Will continue my read of this wonderful novel tomorrow. Highly recommended!
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If you can 'get into' this novel, it will handsomely repay your reading. I do really like another of Boyd's novels: 'A Good Man For Africa'. Whoever likes that novel will also like this one.
It takes place primarily in the continent of Boyd's birth, Africa (he was raised in Ghana), but in an unnamed country loosely modeled on Angola and Mozambique. Civil wars are raging, with the federal government fighting factions, and guerilla warfare ongoing. You don't need to even know exactly where it takes place, or when. He doesn't tell us.
Hope Clearwater is the feisty heroine, a young PhD in plant and animal ethology who was married to an obsessive mathematician, until she wasn't. Right now, as the story opens, she is living on Brazzaville Beach in Africa, narrating the events that led to where she is now, and taking stock of her life. Over the course of the book, Hope shares the events and casualties that led to her living alone on this beach.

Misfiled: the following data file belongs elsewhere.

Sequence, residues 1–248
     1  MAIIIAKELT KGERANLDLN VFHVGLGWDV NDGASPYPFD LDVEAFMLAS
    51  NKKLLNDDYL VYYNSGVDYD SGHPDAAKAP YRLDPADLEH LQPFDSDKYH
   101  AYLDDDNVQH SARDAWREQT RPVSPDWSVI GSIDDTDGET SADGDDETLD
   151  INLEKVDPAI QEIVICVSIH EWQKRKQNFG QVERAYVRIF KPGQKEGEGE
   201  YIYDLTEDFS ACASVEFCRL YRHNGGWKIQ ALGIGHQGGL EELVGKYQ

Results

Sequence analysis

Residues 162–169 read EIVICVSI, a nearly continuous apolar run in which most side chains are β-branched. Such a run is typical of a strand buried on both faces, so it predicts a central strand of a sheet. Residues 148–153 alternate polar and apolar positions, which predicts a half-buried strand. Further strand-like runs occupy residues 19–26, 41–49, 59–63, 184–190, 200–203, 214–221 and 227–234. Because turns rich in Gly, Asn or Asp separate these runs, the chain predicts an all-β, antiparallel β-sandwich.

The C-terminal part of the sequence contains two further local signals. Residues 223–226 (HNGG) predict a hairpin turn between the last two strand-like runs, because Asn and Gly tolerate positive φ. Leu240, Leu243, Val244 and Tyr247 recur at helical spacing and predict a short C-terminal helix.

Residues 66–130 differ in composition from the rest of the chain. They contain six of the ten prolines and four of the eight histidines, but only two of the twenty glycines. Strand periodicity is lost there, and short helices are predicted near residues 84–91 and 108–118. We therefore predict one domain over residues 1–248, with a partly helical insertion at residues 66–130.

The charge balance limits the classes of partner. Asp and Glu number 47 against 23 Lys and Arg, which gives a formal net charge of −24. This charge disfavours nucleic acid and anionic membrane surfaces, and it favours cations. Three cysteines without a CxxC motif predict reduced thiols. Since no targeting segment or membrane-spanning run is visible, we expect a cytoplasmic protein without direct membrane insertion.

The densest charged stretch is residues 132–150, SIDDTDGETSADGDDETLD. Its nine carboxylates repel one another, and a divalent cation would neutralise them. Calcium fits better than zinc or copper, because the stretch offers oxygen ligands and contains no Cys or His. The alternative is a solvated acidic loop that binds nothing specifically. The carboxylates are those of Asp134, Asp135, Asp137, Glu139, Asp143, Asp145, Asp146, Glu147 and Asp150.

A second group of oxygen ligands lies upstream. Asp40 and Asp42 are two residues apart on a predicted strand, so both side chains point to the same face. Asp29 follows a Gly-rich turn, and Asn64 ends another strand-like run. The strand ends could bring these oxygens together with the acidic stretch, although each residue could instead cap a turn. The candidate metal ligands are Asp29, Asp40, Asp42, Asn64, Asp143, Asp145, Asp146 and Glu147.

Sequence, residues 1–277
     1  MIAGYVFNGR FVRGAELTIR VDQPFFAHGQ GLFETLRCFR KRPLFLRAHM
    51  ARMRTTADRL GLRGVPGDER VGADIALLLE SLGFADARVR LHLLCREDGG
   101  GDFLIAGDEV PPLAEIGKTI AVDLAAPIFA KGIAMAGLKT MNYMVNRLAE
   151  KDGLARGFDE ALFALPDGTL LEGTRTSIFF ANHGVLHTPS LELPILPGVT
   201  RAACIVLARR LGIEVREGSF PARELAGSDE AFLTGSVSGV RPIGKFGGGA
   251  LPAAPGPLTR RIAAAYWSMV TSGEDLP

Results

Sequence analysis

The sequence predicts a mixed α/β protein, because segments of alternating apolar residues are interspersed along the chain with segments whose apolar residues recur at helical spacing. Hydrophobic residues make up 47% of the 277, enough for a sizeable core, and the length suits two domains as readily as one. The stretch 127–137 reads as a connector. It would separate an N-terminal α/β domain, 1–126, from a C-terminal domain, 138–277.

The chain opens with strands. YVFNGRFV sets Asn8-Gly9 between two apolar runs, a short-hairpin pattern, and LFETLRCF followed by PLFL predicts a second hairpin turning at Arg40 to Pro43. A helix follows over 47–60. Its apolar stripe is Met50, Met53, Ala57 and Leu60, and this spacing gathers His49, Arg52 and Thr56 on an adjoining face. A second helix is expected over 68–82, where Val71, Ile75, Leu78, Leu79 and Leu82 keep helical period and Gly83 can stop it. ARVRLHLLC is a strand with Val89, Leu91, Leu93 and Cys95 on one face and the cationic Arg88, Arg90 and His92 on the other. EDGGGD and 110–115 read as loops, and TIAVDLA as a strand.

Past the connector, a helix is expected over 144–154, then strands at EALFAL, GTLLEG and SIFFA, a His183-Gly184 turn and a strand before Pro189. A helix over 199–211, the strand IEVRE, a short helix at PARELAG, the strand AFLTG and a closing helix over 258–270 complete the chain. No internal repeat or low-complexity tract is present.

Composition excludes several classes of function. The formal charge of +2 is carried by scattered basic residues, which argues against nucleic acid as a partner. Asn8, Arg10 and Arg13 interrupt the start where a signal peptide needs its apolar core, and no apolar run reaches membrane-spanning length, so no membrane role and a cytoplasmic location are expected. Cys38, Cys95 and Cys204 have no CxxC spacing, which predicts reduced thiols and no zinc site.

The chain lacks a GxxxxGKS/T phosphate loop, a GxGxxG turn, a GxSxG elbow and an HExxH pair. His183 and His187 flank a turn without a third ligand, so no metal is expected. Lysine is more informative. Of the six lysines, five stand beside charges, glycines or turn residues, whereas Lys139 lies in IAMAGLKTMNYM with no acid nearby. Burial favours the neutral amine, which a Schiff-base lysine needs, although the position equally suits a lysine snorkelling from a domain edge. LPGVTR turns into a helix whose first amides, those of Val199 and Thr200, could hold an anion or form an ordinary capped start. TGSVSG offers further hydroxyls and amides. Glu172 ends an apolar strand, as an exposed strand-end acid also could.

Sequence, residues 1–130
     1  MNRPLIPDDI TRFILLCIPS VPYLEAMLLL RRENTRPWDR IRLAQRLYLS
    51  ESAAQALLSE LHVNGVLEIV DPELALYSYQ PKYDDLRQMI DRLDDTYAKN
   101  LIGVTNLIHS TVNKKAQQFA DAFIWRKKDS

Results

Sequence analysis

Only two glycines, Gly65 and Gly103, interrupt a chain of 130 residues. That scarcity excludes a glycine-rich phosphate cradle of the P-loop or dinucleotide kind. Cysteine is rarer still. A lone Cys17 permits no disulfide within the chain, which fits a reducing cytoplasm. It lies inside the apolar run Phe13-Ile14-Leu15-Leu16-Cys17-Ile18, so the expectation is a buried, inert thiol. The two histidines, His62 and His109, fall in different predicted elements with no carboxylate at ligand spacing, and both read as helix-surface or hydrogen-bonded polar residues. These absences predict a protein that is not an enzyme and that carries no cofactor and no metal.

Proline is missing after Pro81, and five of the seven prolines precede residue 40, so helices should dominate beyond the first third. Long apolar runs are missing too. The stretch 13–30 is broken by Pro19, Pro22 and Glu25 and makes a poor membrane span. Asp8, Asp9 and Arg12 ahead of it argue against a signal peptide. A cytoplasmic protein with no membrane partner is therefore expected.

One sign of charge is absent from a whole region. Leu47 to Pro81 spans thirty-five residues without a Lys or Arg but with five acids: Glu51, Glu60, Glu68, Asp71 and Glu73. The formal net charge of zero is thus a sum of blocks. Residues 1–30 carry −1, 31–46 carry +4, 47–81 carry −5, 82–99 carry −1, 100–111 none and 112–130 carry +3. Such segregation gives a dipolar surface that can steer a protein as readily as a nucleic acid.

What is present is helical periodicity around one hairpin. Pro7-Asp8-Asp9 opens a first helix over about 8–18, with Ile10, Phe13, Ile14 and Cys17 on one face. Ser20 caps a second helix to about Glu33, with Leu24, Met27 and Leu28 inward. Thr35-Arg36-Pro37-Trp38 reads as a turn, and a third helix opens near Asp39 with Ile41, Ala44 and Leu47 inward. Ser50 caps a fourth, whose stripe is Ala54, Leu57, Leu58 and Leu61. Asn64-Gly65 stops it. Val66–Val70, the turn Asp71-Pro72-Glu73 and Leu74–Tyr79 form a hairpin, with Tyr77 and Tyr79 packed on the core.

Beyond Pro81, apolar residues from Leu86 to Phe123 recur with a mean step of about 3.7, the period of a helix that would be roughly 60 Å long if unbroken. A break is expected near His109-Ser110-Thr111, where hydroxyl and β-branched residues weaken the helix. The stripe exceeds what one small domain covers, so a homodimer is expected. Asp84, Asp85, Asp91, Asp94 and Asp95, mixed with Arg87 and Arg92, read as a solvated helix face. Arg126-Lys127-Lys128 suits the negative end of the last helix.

Her most recent post was at the Grosso Avore Research Center, with the established and respected scholar, Eugene Mallobar, a PhD and author of several books on primates, who has studied them for 30 years. Although Hope had no experience in working with chimpanzees, she works diligently, with regard and respect. She makes a daily rendezvous to study them in the wild. Her assignment is to observe and track the movements of a southern faction of apes that broke off from the northerners.
Hope makes a harrowing discovery about the two groups of chimps--the northerners and the southerner group that split off. When she shares it with Mallobar, he becomes threatened (he also has a new research book coming out). He tries to deny the accuracy of Hope's observation skills. The civil wars both overshadow and parallel the events at the Grosso Arvore Research Center, the chimps, and the behavior of some of the scientists.